‘Malacañang owes Nora Aunor’s fans an explanation’

‘Malacañang owes Nora Aunor’s fans an explanation’
One of the few living national artists, Bienvenido Lumbera, says Malacañang went against the sentiment of artists who chose the actress for the National Artist Award, and the fans she had developed over the course of her career


MANILA, Philippines – One of the few living national artists, Bienvenido Lumbera, said on Thursday, June 26, that Malacañang owes the public an explanation why award-winning actress Nora Aunor was dropped from the list of recipients of the National Artist Awards this year.

The actress got a big number of votes from her peers in various artistic fields who participated in the rigid, 3-phase selection process, according to Lumbera who was among them. So when her name was removed from the shortlist that was submitted to the honors committee at the Palace, it begged for a justification.

“I felt Malacañang would have to explain why Nora Aunor was dropped from the list. Why explain? Because Nora Aunor was not an artist known only to a few people, Nora Aunor had a national following. And for her to be dropped from the list of national artists, this is for Malacañang to go against the sentiment of artists who chose Nora, the fans that Nora had developed over the course of her career as an actress,” Lumbera said on Rappler’s #TalkThursday. (WATCH: #TalkThursday: Nora Aunor for National Artist?)

Lumbera, a National Artist for Literature, also chairs the Concerned Artists of the Philippines (CAP), which came out with a statement expressing disappointment over the Superstar’s exclusion from the awards.

“Of course, [the President] does not have to explain, but this is a case where not only a small group of artists needs the explanation but a rather sizeable constituency supporting Nora,” said Lumbera. “The explanation should make clear: what are the motives of Malacañang and the people who advised the President against instituting Nora as National Artist?”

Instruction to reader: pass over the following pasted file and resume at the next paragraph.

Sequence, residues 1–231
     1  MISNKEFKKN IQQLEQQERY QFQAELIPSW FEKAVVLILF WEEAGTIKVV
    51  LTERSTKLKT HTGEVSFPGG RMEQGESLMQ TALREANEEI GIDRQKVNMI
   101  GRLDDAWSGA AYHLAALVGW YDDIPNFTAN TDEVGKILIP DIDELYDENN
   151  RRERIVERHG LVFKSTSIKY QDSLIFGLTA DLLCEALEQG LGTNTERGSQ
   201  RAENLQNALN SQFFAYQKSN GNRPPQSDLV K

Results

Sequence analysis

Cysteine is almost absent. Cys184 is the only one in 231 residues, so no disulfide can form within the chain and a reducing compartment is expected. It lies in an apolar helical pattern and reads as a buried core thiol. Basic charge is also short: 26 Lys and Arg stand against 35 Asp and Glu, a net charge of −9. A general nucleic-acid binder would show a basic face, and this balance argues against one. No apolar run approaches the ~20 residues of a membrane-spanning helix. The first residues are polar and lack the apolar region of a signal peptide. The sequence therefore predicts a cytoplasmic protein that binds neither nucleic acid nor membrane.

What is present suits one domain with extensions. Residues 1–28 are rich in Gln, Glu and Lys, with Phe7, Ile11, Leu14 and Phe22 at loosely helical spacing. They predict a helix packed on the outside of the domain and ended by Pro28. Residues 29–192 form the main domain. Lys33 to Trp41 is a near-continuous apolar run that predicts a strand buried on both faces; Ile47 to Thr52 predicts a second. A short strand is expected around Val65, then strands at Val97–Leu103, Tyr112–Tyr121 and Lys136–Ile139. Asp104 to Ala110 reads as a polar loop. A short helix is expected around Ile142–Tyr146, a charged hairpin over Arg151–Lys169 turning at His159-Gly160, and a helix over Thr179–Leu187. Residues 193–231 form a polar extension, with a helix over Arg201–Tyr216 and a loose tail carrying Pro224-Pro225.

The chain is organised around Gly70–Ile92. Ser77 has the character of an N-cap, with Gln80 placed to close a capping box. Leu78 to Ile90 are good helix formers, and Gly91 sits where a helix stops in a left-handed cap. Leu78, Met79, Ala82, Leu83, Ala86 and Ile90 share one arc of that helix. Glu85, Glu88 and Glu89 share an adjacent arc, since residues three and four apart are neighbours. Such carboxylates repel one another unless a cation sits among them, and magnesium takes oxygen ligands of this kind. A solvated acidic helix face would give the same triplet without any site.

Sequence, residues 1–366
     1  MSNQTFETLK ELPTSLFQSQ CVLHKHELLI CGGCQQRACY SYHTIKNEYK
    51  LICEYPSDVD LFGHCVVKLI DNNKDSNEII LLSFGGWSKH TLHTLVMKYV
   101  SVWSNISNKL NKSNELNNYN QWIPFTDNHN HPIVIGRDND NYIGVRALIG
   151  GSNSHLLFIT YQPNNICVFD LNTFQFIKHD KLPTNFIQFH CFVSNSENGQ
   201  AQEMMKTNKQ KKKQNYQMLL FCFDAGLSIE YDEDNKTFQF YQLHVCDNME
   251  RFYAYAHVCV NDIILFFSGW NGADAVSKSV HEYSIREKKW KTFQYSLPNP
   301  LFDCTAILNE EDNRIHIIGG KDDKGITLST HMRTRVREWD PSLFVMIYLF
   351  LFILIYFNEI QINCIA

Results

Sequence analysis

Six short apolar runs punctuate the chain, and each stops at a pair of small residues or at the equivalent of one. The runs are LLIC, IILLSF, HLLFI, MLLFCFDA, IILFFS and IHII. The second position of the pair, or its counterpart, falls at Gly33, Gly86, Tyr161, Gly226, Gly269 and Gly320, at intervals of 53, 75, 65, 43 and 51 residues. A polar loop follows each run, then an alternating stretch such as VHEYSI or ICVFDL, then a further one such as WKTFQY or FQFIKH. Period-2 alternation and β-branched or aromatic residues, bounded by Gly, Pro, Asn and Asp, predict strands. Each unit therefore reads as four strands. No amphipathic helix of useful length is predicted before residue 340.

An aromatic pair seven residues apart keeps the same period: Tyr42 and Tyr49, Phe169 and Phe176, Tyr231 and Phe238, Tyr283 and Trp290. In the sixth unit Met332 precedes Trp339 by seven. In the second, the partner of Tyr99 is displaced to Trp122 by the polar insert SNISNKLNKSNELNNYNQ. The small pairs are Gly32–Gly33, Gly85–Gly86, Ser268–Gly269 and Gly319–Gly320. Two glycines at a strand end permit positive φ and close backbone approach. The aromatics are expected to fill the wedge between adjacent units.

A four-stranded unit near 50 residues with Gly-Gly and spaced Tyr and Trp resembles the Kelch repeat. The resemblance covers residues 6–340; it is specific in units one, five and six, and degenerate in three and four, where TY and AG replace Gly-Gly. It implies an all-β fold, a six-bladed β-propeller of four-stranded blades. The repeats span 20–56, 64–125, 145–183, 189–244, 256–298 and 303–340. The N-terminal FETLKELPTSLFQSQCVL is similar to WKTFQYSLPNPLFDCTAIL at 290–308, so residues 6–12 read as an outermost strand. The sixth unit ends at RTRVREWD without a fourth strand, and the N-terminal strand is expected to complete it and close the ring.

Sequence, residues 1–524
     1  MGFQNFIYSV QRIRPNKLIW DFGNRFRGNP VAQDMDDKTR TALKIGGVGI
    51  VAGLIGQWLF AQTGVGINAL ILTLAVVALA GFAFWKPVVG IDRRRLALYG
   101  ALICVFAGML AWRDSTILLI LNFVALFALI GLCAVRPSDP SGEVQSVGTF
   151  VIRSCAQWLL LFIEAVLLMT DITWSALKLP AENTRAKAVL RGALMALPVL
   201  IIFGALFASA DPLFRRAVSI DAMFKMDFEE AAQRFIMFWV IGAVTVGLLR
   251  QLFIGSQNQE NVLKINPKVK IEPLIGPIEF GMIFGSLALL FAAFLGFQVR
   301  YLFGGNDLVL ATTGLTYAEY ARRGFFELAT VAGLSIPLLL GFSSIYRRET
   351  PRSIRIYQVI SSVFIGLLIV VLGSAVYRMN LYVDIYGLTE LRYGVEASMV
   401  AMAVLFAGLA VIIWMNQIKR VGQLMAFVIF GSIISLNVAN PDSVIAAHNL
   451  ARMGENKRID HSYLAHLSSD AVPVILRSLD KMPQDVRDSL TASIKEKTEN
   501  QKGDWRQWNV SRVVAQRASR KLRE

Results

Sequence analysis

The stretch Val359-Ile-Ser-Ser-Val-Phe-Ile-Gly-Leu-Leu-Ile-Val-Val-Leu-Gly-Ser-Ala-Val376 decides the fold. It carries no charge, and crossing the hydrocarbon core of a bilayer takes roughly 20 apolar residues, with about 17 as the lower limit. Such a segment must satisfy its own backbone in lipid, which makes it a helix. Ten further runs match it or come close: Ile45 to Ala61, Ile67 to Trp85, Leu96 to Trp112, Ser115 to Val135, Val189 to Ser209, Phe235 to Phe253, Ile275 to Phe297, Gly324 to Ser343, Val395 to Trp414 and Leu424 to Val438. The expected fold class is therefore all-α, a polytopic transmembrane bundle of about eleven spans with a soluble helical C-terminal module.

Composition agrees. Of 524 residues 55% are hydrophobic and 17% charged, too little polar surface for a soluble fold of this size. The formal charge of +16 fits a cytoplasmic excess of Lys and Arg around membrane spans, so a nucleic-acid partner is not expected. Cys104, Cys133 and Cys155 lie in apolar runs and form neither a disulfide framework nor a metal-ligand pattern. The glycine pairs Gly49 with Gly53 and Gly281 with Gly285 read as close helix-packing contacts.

Watch Rappler’s interview with Lumbera below.


Politicized process

The National Artist Awards have become politicised, Lumbera said, citing instances when past presidents – everybody else before Aquino, except for his mother Corazon – also altered the supposedly final shortlist submitted by the National Commission for Culture and the Arts and the Cultural Center of the Philippines. (READ: Looking back: The National Artist Awards controversies)

“In the past certain artists were in the good graces of the President…. Kung sino ang malapit sa mesa, ’yun ang nagkakaroon, nakakakain ng masarap na pagkain. Those who have no access to the table remain in the periphery. So the politics of friendship and service [was at play],” Lumbera said. (Whoever was near the table was able to partake of the good food.)

The Palace remained mum on the reason for Aunor’s removal from the list, only saying, through Communications Secretary Herminio Coloma Jr, that “the President followed the law and jurisprudence in deciding and choosing those that will be conferred the Order of the National Artist.” 

Coloma also pointed out that the NCCA and the CCP had accepted the President’s decision. Malacañang told journalists of a letter dated June 23 that NCCA Chairperson Felipe de Leon sent to the President

De Leon said in his letter: “Your Excellency, the NCCA and the CCP fully respect your authority to exclude any nominee for the award if it is in the national interest. Indeed, we are happy that we have a new set of National Artists.”

The NCCA chief blamed the media for attributing quotes to him that he was allegedly questioning the decision by the President on the awards. “The thrill of the hunt has caused them to lose restraint and respect for truth in their accounts.” (READ: NCCA puzzled by exclusion of Nora Aunor in National Artists list Rappler.com










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